In sum, post-Saddam Iraq has gone the way of other post-dictatorial states, such as Congo, and become simply a failed state. Cockburn concludes with these depressing words:
Hatred between Sunni and Shia Arabs has been intensifying over the past few months. Iraqis used to claim that sectarianism had been fomented or exacerbated by Saddam. In reality the tension between Sunni, Shia and Kurd has always shaped Iraqi politics. All the exiled parties returning after the fall of Saddam had a sectarian or ethnic base. The Sunnis opposed the US invasion, the Kurds supported it and the Shias, 60 per cent of the population, hoped to use it to give their community a share of power at last.
The army and police recruits killed by the suicide bombers are mostly Shia. Al-Qaida in Iraq, the shadowy group led by Abu Musab al-Zarqawi, denounces the Shia as apostates. There are also near daily massacres of working-class Shias. Now the Shias have started to strike back. The bodies of Sunnis are being found in rubbish dumps across Baghdad. ‘I was told in Najaf by senior leaders that they have killed upwards of a thousand Sunnis,' an Iraqi official said. Often the killers belong, at least nominally, to the government's paramilitary forces, including the police commandos. These commandos seem increasingly to be operating under the control of certain Shias, who may be members of the Badr Brigade, the military arm of the Supreme Council for the Islamic Revolution in Iraq and the country's largest militia, with up to seventy thousand men.
The commandos, whose units have macho names such as Wolf Brigade and Lion Brigade, certainly look and act like a militia. They drive around in pick-up trucks, shooting into the air to clear the traffic, and are regarded with terror in Sunni districts. In one raid the commandos arrested nine Sunni Arabs who had taken a friend with a bullet wound in his leg to hospital. (The commandos claimed they were suspected insurgents, even though wounded resistance fighters generally keep away from hospitals.) The men were left in the back of a police vehicle which was parked in the sun with the air conditioning switched off: all were asphyxiated. Zarqawi has announced that he is setting up a group called the Omar Brigade specifically to target the Badr militia.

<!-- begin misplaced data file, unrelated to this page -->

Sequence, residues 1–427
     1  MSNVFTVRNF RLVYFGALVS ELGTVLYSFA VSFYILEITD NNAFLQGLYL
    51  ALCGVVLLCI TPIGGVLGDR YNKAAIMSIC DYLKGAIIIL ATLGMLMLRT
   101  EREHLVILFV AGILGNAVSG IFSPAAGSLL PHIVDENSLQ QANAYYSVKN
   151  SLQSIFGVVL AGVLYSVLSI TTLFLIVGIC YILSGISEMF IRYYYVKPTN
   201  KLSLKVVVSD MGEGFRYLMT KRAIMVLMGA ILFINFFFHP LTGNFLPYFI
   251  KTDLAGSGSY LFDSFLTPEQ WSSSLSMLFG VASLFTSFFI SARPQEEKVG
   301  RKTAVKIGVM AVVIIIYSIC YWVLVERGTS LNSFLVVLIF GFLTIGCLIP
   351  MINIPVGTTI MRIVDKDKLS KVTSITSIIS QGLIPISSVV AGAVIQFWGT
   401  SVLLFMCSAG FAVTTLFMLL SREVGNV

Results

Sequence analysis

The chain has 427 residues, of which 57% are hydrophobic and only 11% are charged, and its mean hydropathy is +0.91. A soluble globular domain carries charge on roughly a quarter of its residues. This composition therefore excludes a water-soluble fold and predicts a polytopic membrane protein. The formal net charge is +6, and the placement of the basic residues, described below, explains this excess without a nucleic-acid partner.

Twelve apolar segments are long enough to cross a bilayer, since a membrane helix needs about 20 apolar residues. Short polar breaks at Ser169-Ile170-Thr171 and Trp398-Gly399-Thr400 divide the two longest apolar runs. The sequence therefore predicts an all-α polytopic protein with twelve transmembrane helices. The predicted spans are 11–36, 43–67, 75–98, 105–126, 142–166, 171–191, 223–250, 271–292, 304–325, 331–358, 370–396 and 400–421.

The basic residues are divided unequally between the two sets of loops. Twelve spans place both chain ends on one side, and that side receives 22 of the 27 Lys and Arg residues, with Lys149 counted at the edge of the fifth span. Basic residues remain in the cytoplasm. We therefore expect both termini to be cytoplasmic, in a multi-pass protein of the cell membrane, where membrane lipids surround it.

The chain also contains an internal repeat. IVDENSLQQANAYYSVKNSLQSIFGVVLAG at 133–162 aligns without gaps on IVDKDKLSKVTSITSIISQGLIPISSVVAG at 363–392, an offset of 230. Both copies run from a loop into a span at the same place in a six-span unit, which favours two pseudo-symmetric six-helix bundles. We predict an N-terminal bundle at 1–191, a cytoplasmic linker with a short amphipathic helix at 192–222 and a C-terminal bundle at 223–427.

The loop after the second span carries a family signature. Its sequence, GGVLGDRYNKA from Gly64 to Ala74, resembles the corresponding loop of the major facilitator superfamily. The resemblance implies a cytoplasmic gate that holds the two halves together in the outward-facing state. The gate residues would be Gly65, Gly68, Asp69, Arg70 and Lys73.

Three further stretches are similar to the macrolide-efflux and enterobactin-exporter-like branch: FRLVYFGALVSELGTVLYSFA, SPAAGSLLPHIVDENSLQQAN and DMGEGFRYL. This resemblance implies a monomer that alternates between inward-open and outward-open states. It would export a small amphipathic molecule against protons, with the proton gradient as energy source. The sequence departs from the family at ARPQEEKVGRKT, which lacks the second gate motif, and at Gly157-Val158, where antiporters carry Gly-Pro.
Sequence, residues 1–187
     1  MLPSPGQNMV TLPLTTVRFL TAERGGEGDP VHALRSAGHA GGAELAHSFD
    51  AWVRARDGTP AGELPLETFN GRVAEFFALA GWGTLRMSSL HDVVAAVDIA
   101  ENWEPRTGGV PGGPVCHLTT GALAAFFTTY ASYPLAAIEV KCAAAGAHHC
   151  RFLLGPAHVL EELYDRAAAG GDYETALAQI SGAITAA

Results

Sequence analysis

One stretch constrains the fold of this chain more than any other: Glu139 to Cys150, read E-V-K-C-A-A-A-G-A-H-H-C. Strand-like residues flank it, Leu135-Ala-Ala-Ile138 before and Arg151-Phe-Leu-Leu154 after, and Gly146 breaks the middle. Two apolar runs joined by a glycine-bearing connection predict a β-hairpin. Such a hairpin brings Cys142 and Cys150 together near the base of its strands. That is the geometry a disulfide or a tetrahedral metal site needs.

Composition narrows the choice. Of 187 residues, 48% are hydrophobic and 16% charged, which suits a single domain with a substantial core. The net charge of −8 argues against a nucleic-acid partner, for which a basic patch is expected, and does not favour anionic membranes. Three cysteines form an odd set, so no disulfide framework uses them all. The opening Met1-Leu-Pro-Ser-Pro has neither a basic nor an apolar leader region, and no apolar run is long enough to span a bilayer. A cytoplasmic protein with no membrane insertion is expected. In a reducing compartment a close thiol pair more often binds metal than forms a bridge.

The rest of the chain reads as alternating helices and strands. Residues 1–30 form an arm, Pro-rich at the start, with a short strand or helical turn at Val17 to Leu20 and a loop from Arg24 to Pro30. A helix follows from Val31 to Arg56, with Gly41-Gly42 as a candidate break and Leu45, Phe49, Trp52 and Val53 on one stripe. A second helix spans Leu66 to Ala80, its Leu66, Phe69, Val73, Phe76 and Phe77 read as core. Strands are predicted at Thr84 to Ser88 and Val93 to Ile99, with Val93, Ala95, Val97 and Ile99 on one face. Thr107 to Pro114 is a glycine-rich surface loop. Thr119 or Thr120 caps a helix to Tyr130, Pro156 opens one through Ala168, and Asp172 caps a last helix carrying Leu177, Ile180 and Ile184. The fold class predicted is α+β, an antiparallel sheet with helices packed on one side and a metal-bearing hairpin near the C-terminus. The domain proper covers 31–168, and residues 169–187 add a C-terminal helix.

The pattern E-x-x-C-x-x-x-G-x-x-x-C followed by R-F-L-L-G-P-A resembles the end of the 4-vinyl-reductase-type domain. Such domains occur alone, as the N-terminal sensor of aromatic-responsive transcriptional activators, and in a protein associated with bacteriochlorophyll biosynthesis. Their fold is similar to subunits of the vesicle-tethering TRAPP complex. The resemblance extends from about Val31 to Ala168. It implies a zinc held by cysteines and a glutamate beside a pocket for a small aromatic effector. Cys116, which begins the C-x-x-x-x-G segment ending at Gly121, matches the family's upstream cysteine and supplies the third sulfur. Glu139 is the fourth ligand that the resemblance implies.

Unlike the death squads that used to operate in Latin America, the commandos rarely try to conceal their responsibility for killings. They arrive in full uniform, a garish green and yellow camouflage, at the homes of former Sunni officials and arrest them. A few days later the bodies – sometimes savagely tortured, with eyes gouged out and legs broken – turn up in the morgue.
All this has created terror in Sunni neighbourhoods, particularly among the hundreds of thousands who served under the old regime. The Badr Brigade, which fought on the Iranian side in the Iran-Iraq war of 1980-88, is often said to be an arm of Iranian intelligence determined to settle old scores. Air force pilots believe they are being singled out for assassination because they are suspected of having bombed Iranian cities nearly twenty years ago. This may not be true, but fear of the death squads is certainly pushing the Sunni community as a whole towards sympathy with the insurgents, who are seen as armed fellow Sunnis who might protect them.
The chances of a unitary Iraq emerging from the conflict are dwindling. The Kurds, triumphant after fighting for half a century, are not going to give up the oil city of Kirkuk or abandon a level of autonomy close to independence. The Shias want as much power as they can get. The Sunnis have shown by their armed resistance that they can destabilise Iraq for as long as they want. But the insurgents will not be able to spread resistance beyond the Sunni community because of the savage attacks by the suicide bombers on Shia mosques and children playing in the street in Shia districts. The appeal of Iraqi nationalism is ebbing.